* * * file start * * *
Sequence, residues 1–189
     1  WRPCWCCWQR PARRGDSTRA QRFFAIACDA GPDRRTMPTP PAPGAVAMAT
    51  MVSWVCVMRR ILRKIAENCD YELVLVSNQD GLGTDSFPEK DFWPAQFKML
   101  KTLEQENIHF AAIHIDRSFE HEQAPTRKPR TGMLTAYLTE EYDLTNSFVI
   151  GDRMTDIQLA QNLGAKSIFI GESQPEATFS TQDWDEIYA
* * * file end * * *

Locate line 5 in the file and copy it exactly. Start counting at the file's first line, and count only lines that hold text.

   151  GDRMTDIQLA QNLGAKSIFI GESQPEATFS TQDWDEIYA